Up until recently this modification and seed control was based primarily on feed corn. The most recent concern, you may have seen in the news, is that now they are turning their resources to produce GMO sweet corn which is the corn we eat at the dinner table.

This brings me to my point about fooling Mother Nature. In the book Seeds of Deception by Jeffery M. Smith he discusses a number of the issues and potential risks around GMO. In particular, I was taken by the numerous examples of farmer’s doing tests with their animals to see how they reacted to GMO vs. Non-GMO corn. Here is an excerpt that will really start you thinking:

Wisdom of the Cows
In 1998, Howard Vliegar harvested both natural corn and a genetically modified Bt variety on his farm in Maurice, Iowa. Curious about how his cows would react to the pesticide-producing Bt corn, he filled one side of his sixteen-foot trough with the Bt and dumped natural corn on the other side. Normally, his cows would eat as much corn as was avaialbe, never leaving leftovers. But when he let twenty-five of them into the pen, they all congregated on one side of the trough with the natural corn. When it was gone, they nibbled a bit on the Bt, but quickly changed their minds and walked away.”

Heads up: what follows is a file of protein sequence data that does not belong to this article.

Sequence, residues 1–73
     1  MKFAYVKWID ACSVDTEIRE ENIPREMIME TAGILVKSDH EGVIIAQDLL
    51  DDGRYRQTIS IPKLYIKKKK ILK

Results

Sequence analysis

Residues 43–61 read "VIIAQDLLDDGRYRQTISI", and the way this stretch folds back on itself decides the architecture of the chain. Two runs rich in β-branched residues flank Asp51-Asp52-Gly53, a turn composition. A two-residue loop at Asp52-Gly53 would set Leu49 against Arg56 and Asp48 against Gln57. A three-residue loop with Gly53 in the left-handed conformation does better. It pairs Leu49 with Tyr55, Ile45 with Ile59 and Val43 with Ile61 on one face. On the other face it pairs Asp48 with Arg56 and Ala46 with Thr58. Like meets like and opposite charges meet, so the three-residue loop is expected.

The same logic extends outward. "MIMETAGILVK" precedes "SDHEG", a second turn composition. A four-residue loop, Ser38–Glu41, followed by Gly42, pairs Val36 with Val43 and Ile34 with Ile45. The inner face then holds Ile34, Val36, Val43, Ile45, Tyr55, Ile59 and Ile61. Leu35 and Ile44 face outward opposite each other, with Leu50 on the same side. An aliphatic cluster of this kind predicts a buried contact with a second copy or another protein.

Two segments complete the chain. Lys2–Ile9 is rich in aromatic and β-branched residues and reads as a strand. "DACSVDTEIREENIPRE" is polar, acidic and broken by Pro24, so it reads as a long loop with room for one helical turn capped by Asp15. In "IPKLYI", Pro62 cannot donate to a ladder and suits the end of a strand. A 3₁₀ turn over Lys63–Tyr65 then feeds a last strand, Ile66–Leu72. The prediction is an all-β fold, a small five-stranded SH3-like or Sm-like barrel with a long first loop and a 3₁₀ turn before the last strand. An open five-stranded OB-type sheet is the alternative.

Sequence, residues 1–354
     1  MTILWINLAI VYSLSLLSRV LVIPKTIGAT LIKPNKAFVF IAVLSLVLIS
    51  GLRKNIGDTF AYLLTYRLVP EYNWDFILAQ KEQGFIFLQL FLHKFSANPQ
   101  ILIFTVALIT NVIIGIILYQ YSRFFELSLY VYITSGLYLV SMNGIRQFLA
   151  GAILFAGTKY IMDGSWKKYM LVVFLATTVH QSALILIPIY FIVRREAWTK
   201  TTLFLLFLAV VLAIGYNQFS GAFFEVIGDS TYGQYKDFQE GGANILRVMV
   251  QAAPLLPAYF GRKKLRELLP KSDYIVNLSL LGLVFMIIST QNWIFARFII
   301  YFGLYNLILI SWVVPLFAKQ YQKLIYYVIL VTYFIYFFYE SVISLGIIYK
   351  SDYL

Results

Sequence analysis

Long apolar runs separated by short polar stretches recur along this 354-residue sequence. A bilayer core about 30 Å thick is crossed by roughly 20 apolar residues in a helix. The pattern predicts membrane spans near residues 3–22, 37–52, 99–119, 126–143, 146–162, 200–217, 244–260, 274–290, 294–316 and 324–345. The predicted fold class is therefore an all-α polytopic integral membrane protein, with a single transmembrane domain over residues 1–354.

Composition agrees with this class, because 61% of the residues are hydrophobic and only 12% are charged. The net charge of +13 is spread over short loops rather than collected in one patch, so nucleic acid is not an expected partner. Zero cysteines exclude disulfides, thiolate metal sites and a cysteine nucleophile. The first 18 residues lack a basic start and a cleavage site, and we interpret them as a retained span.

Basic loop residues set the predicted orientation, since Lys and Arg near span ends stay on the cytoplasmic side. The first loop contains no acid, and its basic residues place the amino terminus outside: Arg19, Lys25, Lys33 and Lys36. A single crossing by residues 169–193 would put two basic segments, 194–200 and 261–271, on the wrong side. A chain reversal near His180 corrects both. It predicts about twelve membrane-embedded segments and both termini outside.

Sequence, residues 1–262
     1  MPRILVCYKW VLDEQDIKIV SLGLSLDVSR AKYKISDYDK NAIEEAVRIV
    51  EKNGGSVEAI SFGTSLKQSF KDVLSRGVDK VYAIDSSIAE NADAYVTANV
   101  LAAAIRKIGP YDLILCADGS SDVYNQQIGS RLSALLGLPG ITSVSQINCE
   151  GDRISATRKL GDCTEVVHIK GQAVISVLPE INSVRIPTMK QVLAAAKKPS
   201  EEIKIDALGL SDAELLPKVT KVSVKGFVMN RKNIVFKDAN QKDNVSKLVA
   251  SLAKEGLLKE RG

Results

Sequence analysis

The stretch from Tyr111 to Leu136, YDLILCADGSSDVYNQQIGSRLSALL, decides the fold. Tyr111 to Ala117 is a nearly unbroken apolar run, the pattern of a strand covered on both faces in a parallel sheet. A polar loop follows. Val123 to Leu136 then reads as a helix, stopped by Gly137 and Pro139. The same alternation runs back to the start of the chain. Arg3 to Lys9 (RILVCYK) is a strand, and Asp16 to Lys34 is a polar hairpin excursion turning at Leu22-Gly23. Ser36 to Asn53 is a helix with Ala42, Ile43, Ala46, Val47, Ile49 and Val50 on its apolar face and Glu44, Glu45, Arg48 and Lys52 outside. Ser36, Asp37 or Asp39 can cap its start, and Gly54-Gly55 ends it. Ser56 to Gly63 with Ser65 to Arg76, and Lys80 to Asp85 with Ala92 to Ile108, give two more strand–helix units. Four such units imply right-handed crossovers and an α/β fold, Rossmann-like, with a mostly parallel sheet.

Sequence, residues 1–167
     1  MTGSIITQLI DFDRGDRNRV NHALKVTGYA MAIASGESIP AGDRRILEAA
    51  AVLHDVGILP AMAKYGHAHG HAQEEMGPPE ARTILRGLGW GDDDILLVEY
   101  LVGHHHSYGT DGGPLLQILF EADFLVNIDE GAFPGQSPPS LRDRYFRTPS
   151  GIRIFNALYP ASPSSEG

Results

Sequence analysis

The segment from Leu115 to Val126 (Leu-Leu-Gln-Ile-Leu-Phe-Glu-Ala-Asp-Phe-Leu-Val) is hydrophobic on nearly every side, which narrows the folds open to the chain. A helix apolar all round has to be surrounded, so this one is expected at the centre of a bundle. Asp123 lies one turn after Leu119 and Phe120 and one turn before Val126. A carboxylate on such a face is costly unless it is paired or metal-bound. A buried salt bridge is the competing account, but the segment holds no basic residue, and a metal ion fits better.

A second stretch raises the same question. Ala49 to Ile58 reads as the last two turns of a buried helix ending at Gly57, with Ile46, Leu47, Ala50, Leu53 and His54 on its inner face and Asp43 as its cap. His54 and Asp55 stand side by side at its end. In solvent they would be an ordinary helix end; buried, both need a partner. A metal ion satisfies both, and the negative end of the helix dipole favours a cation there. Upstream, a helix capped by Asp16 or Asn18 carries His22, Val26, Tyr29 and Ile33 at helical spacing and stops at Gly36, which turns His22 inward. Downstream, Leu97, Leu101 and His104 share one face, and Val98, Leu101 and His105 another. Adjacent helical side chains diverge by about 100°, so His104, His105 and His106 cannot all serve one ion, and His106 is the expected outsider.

Wisdom of the Cows and Hogs
Bill Lashmett watched as two or three cows were let into a feeding area at a time. The first trough they came to contained fifty pounds of shelled Bt corn. The cows sniffed it, withdrew, and walked over to the next trough, which contained fifty pounds of natural shelled corn. The cows finished it off. When they were done and release from the pen, the next group came in and did the same thing. Lashmett said the same experiment was conducted on about six or severn farms in Northwest Iowa, in 1998 and again in 1999. Identical trials with hogs yielded the same results, also for two years in a row.

Lashmett, who has a background in biochemistry and agriculture, says that animals have a natural sense to eat what is good for them, and avoid what isn’t.”

We don’t seem to have that same innate sense so shouldn’t we at least be able to read on a label whether or not what we are eating has been genetically altered.

“Nature never deceives us; it is always we who deceive ourselves.” – Jean-Jacques Rousseau

Just wanted to provide some food for thought and discussion. You’ll hear more from me on this front. I started writing a novel a few years back with an underlying them of genetically modified seeds in hopes of raising some awareness of the issue. I have just picked it back up and may provide an excerpt here in the coming month. In addition, I am hoping to be working on some data analysis and research using some sophisticated software that may provide more clues to the connection between neurological disorder prevalence in agricultural areas and the neuro-toxins used in GMO seeds.

One comment


    Interesting article I found this week on the subject of GMO corn in Canadian supermarkets.